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Chocolates and Confections

By Peter Greweling

Published 2007

  • About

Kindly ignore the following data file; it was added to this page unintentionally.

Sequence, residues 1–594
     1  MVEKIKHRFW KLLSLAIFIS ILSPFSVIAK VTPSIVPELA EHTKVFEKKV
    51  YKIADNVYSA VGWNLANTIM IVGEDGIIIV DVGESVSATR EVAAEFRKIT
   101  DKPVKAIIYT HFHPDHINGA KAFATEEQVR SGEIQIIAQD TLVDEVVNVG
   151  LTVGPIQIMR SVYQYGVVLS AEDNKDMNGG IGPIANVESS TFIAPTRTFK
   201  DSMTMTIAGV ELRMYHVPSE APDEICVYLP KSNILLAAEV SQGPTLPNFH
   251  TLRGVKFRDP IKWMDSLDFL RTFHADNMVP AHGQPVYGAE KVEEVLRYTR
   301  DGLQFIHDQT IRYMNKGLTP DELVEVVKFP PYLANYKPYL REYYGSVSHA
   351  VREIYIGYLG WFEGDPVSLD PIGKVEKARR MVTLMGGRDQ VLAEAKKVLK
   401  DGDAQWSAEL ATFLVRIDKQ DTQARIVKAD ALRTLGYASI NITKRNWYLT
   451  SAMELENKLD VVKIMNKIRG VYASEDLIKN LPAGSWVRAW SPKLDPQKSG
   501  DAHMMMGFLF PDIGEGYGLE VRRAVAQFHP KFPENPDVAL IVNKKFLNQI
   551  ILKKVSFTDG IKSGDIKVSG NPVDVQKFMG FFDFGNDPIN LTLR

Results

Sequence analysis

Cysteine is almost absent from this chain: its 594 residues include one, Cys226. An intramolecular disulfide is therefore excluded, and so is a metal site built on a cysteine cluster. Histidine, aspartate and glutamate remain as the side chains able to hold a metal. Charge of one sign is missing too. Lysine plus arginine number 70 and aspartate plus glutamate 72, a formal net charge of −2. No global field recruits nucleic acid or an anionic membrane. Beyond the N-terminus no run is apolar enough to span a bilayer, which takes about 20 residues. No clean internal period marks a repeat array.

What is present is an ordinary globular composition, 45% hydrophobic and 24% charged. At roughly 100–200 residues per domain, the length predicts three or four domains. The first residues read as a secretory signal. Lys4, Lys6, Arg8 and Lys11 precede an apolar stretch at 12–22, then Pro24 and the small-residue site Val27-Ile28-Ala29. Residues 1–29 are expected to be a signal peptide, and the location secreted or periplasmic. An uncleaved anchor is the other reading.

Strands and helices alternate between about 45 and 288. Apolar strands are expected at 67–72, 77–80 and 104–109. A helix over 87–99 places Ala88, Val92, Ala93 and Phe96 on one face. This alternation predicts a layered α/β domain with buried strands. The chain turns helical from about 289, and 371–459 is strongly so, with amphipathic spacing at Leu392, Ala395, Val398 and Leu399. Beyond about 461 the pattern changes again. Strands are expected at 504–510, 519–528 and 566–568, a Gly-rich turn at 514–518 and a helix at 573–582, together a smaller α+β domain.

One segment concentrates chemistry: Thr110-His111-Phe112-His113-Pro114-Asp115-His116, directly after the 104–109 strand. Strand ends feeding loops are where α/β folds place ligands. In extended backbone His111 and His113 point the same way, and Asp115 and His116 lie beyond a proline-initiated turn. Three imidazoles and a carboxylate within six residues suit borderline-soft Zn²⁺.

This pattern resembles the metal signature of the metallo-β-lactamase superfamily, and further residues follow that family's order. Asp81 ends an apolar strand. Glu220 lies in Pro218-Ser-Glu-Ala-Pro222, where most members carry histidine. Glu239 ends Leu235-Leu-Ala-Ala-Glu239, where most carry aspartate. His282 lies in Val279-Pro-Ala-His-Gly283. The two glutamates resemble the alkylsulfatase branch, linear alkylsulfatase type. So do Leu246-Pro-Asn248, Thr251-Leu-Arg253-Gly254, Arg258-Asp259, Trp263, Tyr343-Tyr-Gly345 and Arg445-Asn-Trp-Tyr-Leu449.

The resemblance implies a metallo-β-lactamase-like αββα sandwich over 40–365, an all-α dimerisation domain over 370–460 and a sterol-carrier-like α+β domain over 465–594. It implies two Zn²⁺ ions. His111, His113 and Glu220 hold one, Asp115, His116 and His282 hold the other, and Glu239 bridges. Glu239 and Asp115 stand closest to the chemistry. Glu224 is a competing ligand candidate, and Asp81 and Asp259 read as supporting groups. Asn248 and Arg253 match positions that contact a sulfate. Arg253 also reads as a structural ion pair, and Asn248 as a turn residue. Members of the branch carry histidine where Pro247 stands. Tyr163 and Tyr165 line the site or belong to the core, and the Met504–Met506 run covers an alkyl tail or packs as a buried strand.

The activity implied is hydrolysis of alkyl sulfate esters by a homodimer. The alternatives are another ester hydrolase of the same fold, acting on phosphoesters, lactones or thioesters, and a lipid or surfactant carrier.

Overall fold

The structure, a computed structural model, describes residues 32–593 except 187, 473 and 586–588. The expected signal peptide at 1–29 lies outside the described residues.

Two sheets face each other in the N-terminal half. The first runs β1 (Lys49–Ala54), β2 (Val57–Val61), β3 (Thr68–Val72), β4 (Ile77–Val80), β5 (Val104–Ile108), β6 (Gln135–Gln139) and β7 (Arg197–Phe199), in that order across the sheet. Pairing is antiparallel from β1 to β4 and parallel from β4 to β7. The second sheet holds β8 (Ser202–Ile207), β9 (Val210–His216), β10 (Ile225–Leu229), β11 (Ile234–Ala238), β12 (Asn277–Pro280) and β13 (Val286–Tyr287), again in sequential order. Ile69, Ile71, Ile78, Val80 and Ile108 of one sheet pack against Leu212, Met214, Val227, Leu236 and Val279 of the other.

A common term in chocolate marketing, the French word couverture translates roughly as “covering.” Couverture is recognized in European Union nations and controlled by EU regulations, but the term has no legal standing in chocolate manufacturing in the United States. European dark chocolate labeled as couverture is subject to guidelines very similar to those that regulate chocolate in the U.S., except that it must contain at least 35 percent cacao and 31 percent fat; dark couvertures nearly always contain a much greater cacao content than the minimum required. In dark chocolate couverture, the fat is almost always 100 percent cocoa butter, although the addition of 5 percent vegetable fat is permitted under EU guidelines, provided that it is clearly stated on the label. Much like the allowable butterfat in dark chocolate in the U.S., this optional fat is not added to the highest-quality products from Europe. The fat content of milk and white couvertures consists of the combination of cocoa butter and the milk fat found in the dry milk in those products.